Innovation: IDTIMWYTIM

By LPS.1 (own work) [CC0],
via Wikimedia Commons
I'm going to join a new sports team: The Stanley Cups. Our mission will be to Stanley Cup. We'll have a Stanley Cup hub, we'll hire the best Stanley Cup leaders and the best Stanley Cuppers. We're going focus on Stanley Cupping, using Stanley Cupping tools and Stanley Cupping methods, and we'll Stanley Cup hard every time we get out there. I predict that at the end of our first season of Stanley Cupping, we're going to have huge success and generate a lot of Stanley Cup.

Sounds ridiculous, doesn't it?

Ok, now let's try that again but let's use "innovation".

I'm going to start a new team of Innovators. Our mission will be to innovate. We'll have an innovation hub, we'll hire the best innovation leaders and the best innovators. We're going focus on innovation, using innovation tools and innovative methods, and we'll innovate hard every time we work. I predict that at the end of our first year of innovating, we're going to have huge success and generate a lot of innovations.

Did you hear that? That's the sound of someone not saying anything useful.

They're not providing clear direction, and focusing on entirely the wrong thing: the outcome.

You can't be successful at a sport by talking about winning. You have to do the work. You have to train, experiment, compete, lose and win. You have to study what works and what didn't, course correct and go again until you find that combination of fitness, output, teamwork and sometimes even luck that leads to your desired outcome. A great hockey player is that outcome of years of effort and a dedicated team of players, coaches and supporters. If they're lucky, there might even be a Stanley Cup. But that's not the method, it's not the process; it's a possible outcome of all that effort.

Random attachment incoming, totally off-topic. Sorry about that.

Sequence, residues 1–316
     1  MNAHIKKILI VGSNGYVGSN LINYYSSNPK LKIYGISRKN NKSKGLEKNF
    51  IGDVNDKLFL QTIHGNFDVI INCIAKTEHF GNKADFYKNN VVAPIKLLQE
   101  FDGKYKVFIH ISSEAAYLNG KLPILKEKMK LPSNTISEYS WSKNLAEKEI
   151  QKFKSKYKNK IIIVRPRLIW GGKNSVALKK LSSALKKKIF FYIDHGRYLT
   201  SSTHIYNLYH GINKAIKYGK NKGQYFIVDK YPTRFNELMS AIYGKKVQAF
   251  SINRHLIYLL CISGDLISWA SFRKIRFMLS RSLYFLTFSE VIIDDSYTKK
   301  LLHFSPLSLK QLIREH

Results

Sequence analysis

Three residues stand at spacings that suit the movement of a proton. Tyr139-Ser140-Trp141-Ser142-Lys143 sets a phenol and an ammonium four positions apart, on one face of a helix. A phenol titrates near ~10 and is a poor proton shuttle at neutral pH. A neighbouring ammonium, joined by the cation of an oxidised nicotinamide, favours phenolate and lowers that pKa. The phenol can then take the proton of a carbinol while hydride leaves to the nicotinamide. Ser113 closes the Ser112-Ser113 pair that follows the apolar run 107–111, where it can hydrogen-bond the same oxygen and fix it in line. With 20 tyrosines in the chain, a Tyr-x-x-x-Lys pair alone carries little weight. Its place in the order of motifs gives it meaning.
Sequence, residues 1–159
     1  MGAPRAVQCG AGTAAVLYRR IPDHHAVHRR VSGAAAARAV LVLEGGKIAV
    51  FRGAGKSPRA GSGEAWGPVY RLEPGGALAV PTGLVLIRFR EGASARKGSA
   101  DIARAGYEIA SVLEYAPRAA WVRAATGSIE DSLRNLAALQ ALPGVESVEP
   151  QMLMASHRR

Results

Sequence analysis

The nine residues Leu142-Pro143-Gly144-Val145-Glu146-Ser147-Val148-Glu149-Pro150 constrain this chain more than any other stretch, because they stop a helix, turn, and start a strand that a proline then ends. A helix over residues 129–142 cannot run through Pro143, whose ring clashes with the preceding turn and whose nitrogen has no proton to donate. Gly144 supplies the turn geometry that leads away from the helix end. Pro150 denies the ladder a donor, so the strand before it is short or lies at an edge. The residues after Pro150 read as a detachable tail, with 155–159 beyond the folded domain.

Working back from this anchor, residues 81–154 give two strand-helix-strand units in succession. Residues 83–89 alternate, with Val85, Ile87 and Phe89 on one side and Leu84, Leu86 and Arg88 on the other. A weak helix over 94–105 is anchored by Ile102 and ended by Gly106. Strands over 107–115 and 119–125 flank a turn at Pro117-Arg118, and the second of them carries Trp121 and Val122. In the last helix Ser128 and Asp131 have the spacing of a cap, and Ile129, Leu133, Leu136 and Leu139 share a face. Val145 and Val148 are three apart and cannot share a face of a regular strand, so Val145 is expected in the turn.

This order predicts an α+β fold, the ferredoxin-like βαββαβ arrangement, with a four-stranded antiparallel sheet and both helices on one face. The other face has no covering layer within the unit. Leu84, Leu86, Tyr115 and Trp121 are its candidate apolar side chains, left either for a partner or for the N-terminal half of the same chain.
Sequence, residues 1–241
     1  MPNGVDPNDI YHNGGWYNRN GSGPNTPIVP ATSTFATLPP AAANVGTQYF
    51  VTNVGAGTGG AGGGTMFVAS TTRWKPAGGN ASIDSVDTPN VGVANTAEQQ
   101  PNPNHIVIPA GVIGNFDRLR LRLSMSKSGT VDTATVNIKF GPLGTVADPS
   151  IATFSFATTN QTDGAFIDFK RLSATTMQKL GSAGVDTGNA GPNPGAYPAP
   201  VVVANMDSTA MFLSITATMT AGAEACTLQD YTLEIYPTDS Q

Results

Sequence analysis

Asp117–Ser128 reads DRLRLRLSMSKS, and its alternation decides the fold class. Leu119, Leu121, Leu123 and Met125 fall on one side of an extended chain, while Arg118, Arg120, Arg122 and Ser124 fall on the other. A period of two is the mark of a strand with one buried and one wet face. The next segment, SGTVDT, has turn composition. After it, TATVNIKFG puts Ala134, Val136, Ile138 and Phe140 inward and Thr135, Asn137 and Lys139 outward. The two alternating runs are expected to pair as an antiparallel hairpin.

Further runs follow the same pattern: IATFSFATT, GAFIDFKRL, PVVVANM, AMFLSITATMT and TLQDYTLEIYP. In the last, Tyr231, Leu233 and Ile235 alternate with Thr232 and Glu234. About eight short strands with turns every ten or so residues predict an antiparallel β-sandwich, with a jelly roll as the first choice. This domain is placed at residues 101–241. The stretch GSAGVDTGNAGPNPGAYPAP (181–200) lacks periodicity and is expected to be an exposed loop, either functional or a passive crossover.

So why do we treat innovation any differently? Innovation is not a method. It's not a defined process in and of itself1. It's not a tool or a place. It's an outcome. It's the result of doing something new.

In fact, you only know if you're being innovative when you start delivering. When you're defining, researching, designing your product/service/idea, you are influenced by everything around you. Which means that your result could be newer but not necessarily ground-breaking. Only when the thing that you're building is fully formed will you know if it's different enough to be considered innovative.

Innovation can definitely be a goal but, depending on how conditioned your team and your organization is, it might be a lofty one. And declaring over and over that you're suddenly going to start innovating isn't going to make it happen.

Stanley Cups aren't won by talking about it. You need to set up your people to actually do the work, the hard work, from which innovations can be born.

1Some of you might argue that the definition of "innovation" is "the act or process of introducing new ideas, devices and methods", thereby a process. However that process is not defined in and of itself, and we are abusing the term by treating innovation as a thing that can materialize if we just say the word often enough.

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